How to Modify the Browser History in Complex HTML5 and JavaScript Applications

Craig Buckler
Craig Buckler
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Don’t you love snappy titles?! Consider a sophisticated application such as webmail client. In essence, it’s a complex JavaScript program running on a single HTML page. The user loads the URL and is presented with a list of emails. They click a title and the email content is retrieved using Ajax and displayed. They now want to return to the email list; what do they do?… …click the browser’s back button. Bang. The application closes and returns to the page they were viewing prior to accessing the application. Or, if it’s a new browser tab, the back button is disabled and can’t be clicked. So we have a problem. Our webmail client doesn’t support the one browser control most users understand. There are solutions. Some involve changing the hash mark (#name) in the URL so the state can be retained. It’s not perfect, but works in all browsers. Fortunately, the problem has been addressed with the HTML5 history.pushState and history.replaceState methods in conjunction with the window.onpopstate event. Try the history.pushState() demonstration page… The technique is refreshingly simple:

  1. When the state changes, e.g. the user opens an email, history.pushState() is passed state information and executed. This enables the back button but — importantly — does not move the user from the page.
  2. You can run history.pushState() as many times as necessary, or modify the current state using history.replaceState().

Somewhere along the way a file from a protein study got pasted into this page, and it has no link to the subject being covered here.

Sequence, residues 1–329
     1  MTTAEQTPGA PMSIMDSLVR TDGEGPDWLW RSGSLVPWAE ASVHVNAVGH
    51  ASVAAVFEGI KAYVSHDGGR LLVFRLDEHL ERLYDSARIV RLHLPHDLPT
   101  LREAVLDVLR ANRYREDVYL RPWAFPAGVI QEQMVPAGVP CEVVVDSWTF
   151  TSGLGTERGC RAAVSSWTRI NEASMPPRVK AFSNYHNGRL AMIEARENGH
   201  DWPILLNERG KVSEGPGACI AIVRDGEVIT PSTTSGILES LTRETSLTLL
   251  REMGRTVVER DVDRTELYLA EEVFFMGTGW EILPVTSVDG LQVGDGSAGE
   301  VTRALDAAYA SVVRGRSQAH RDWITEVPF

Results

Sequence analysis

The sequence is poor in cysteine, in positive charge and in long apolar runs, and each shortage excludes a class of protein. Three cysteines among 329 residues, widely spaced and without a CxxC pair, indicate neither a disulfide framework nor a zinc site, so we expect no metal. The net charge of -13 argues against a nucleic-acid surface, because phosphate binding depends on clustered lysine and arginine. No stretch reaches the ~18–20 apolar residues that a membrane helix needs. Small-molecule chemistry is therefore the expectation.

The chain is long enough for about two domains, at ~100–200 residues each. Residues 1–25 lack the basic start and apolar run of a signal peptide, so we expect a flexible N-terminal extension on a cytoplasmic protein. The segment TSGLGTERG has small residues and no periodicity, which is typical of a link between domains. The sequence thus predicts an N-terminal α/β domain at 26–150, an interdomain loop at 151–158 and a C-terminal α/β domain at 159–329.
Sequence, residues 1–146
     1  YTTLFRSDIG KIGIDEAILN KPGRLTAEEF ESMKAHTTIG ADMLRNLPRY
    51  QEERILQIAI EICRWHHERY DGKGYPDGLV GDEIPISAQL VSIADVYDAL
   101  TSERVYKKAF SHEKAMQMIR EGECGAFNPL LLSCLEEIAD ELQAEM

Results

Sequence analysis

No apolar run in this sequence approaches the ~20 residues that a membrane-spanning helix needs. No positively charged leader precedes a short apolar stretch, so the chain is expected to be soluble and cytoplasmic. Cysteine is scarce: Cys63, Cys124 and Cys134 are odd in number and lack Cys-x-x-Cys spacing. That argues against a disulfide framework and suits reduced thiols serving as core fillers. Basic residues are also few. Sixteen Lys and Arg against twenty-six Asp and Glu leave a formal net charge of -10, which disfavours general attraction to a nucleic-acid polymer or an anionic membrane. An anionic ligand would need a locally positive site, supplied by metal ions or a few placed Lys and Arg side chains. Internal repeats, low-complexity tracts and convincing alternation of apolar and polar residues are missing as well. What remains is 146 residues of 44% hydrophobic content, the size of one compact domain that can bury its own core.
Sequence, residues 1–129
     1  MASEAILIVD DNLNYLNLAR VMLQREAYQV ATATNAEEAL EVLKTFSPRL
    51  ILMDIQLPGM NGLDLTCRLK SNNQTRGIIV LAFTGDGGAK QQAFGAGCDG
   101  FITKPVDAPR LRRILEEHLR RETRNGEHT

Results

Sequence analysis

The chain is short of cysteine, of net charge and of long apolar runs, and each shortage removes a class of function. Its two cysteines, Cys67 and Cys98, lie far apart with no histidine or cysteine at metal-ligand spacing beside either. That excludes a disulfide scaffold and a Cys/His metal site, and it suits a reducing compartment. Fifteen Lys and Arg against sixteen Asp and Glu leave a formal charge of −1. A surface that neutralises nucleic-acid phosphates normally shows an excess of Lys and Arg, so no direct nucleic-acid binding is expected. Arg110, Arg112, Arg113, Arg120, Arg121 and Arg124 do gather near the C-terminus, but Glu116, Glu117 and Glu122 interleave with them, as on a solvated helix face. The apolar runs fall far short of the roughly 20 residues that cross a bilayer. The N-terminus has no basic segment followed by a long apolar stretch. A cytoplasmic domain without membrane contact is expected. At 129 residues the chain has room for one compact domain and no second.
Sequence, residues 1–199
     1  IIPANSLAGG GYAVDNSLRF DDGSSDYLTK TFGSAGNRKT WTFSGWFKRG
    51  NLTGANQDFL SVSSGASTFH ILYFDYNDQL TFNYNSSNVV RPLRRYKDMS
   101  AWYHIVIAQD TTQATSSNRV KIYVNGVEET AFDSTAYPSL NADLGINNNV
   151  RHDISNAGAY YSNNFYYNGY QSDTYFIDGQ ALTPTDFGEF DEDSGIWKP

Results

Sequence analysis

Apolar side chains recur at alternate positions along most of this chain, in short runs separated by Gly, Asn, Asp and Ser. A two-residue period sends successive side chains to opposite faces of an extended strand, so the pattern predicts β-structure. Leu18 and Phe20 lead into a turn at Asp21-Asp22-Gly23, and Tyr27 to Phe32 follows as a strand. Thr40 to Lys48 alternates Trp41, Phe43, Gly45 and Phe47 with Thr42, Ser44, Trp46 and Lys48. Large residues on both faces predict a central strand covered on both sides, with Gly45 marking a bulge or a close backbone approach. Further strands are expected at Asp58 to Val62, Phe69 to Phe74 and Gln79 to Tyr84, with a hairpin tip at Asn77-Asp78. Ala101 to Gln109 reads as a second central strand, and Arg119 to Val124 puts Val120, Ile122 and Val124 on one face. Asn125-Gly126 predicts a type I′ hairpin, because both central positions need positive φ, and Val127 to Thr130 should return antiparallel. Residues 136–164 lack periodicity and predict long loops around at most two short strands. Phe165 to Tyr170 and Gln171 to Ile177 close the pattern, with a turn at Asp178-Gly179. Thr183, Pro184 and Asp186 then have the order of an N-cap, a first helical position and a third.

3. When the user clicks back (or forward), the window.onpopstate event is fired. A handler function can retrieve the associated state and display the appropriate screen.
The downside? Forget IE compatibility until v10 arrives. If you need to support IE9 and below, there are a number of shims including History.js and HTML5-History-API. Let’s write some code. Assume you’ve just displayed the result of an Ajax request:

// Ajax request
...
// display result
...

// modify history
history.pushState(obj, title, url);
Where:
  • obj is any JavaScript object. You could use this to retain state information, e.g. { “view”: “EMAILCONTENT”, “item”: 123 };
  • title is an optional title
  • url is an optional URL. The URL can be anything — the browser won’t jump to that page, but could if the user reloaded the page or restarted their browser. In most cases, you’ll want to use parameters or a hash name, e.g. ?view=EMAILCONTENT&item=123; your application could analyze these values on start-up and return to the same place.
history.replaceState() has identical arguments and is only used if you want to replace the current state with a new one. You now need a handler function which runs when the window popstate event fires following the browser’s back or next button being clicked:

window.addEventListener("popstate", function(e) {

	// URL location
	var location = document.location;

	// state
	var state = e.state;
	
	// return to last state
	if (state.view == "EMAILCONTENT") {
		...
	}

});
The URL location can be determined with document.location (document.location.search and document.location.hash return the parameters and hash name respectively). The historic state object set by pushState() or replaceState() is obtained from the event object’s state
property. You can use the information to display the appropriate screen. Try the history.pushState() demonstration page… Click the history.pushState button a few times then hit back to see what happens in the log. Very useful. Have you encountered back and next button issues in your web application?

Frequently Asked Questions (FAQs) about JavaScript History PushState

What is the main function of JavaScript History PushState?